Hormones are chemical messengers that travel throughout the body, from cell to cell, telling your body what to do and when and how to do it.
According to the Centers for Disease Control (CDC), cardiovascular disease accounts for nearly 800,000 American deaths per year. Many of these would be preventable with early detection. One component of early detection is an eye examination.
Women are particularly prone to eye disorders. Statistics show that 2/3 of all blindness and visual impairment occur in women. In fact, 2.7 million women age 40 and older are visually impaired.
Did you know that the eyes themselves are not what actually allow you to see? They are simply a conveyance for messages sent from the brain, via the optic nerve.
You can learn a lot about your health from a routine eye exam before there are symptoms of bodily damage. Talk about preventative care.
There’s no question annual eye exams are critical for vision and eye health, but their benefits go well beyond ocular health. A routine exam is not only an “early detection” strategy for eye health, but heart health as well.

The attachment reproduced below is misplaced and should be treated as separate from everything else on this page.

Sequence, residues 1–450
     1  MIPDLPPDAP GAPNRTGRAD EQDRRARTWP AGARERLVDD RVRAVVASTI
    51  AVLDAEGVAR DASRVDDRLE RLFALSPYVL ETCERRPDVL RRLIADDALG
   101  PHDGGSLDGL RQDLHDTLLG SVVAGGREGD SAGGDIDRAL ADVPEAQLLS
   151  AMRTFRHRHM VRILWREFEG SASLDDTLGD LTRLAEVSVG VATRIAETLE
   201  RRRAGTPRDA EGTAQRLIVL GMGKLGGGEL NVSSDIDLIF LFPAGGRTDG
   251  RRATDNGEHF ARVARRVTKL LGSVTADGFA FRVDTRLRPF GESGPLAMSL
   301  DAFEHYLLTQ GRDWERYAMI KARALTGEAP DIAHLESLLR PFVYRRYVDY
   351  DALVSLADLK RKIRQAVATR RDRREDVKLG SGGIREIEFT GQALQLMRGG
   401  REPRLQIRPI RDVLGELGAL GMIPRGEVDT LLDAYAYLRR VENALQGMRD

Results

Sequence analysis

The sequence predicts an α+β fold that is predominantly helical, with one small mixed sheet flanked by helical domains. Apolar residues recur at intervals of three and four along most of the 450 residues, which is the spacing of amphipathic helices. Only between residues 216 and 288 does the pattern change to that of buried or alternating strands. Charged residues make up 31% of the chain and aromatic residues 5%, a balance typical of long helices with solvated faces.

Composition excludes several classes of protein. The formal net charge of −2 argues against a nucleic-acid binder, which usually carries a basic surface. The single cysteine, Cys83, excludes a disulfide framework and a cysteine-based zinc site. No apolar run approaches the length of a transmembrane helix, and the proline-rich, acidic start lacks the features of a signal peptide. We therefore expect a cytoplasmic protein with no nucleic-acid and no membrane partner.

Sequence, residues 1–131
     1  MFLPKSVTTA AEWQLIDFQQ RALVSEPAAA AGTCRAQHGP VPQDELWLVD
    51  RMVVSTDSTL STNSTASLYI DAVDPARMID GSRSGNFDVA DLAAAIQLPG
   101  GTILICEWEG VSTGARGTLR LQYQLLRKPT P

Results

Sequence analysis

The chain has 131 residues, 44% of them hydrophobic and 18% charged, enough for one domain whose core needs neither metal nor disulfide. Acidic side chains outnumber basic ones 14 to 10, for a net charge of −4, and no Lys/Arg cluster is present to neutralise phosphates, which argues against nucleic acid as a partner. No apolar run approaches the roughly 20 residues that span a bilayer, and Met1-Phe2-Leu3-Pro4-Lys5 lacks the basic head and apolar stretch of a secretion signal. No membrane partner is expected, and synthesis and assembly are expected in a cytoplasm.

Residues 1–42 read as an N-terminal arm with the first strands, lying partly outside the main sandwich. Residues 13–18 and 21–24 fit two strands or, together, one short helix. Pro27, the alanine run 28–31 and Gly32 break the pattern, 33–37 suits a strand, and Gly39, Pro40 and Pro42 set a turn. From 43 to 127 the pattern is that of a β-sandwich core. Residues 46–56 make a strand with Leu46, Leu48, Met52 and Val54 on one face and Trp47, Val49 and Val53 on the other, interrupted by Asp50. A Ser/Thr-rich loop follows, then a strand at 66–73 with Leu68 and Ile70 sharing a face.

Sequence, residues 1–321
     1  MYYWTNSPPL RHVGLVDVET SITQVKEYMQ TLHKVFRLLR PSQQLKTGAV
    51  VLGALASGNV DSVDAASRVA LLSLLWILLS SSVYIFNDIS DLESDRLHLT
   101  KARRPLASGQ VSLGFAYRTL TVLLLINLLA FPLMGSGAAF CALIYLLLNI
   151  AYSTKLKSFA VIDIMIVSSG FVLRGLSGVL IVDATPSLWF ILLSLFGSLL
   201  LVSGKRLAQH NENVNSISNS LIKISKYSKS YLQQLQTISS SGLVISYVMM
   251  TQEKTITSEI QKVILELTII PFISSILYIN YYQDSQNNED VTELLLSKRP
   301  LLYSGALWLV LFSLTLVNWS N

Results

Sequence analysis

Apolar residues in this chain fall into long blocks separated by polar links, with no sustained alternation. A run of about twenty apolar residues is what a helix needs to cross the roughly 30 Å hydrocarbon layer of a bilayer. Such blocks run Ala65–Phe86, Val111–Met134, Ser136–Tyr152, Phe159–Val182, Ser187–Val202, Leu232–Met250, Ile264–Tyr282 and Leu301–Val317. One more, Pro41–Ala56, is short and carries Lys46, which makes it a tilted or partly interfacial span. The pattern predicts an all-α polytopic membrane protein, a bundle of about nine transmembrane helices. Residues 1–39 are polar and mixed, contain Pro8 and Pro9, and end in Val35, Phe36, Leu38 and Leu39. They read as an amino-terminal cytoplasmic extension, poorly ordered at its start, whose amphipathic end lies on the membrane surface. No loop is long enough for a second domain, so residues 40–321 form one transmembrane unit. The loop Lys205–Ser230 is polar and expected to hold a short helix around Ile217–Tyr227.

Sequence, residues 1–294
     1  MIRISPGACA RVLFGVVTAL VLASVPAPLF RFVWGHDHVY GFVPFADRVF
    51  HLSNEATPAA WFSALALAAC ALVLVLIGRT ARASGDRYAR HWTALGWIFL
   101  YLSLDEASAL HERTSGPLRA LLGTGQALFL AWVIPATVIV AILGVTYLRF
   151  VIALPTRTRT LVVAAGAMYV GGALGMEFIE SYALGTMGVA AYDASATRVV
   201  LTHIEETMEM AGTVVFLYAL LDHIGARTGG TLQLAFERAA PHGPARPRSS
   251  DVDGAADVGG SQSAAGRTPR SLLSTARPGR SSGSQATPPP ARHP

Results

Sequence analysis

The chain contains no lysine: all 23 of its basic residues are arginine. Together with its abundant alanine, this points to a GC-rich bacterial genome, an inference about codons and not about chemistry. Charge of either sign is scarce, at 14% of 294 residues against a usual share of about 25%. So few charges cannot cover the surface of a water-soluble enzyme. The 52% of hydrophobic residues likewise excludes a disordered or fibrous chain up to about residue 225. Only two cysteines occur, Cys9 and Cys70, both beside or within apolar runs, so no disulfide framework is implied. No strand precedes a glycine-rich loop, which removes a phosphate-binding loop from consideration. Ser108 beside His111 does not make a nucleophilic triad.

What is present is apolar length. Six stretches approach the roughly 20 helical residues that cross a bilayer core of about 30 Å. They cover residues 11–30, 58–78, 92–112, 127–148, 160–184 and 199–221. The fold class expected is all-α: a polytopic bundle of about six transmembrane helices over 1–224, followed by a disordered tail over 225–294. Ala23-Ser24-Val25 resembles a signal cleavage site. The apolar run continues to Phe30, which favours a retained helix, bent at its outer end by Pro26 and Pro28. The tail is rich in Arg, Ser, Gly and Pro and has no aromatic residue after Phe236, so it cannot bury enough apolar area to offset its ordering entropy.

It’s painful, frustrating, and affects nearly five million Americans age 50 and older, 60 percent of whom are women—particularly menopausal women. We are talking about dry eye.
According to the National Institutes of Health, the leading causes of vision impairment and blindness in the United States are directly due to age-related eye diseases, namely cataracts and macular degeneration.
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